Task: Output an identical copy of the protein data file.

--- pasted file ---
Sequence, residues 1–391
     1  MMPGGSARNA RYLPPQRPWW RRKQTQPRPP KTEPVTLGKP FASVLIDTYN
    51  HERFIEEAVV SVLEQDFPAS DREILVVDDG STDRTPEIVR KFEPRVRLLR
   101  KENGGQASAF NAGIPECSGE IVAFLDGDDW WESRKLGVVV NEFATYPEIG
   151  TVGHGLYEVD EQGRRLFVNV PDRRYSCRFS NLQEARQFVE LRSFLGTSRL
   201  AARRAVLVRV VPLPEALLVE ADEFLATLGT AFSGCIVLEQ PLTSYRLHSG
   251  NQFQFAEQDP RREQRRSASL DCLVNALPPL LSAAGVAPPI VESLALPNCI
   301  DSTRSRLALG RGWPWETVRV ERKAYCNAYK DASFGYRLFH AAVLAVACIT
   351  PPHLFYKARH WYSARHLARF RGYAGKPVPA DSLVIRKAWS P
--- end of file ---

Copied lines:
Sequence, residues 1–391
     1  MMPGGSARNA RYLPPQRPWW RRKQTQPRPP KTEPVTLGKP FASVLIDTYN
    51  HERFIEEAVV SVLEQDFPAS DREILVVDDG STDRTPEIVR KFEPRVRLLR
   101  KENGGQASAF NAGIPECSGE IVAFLDGDDW WESRKLGVVV NEFATYPEIG
   151  TVGHGLYEVD EQGRRLFVNV PDRRYSCRFS NLQEARQFVE LRSFLGTSRL
   201  AARRAVLVRV VPLPEALLVE ADEFLATLGT AFSGCIVLEQ PLTSYRLHSG
   251  NQFQFAEQDP RREQRRSASL DCLVNALPPL LSAAGVAPPI VESLALPNCI
   301  DSTRSRLALG RGWPWETVRV ERKAYCNAYK DASFGYRLFH AAVLAVACIT
   351  PPHLFYKARH WYSARHLARF RGYAGKPVPA DSLVIRKAWS P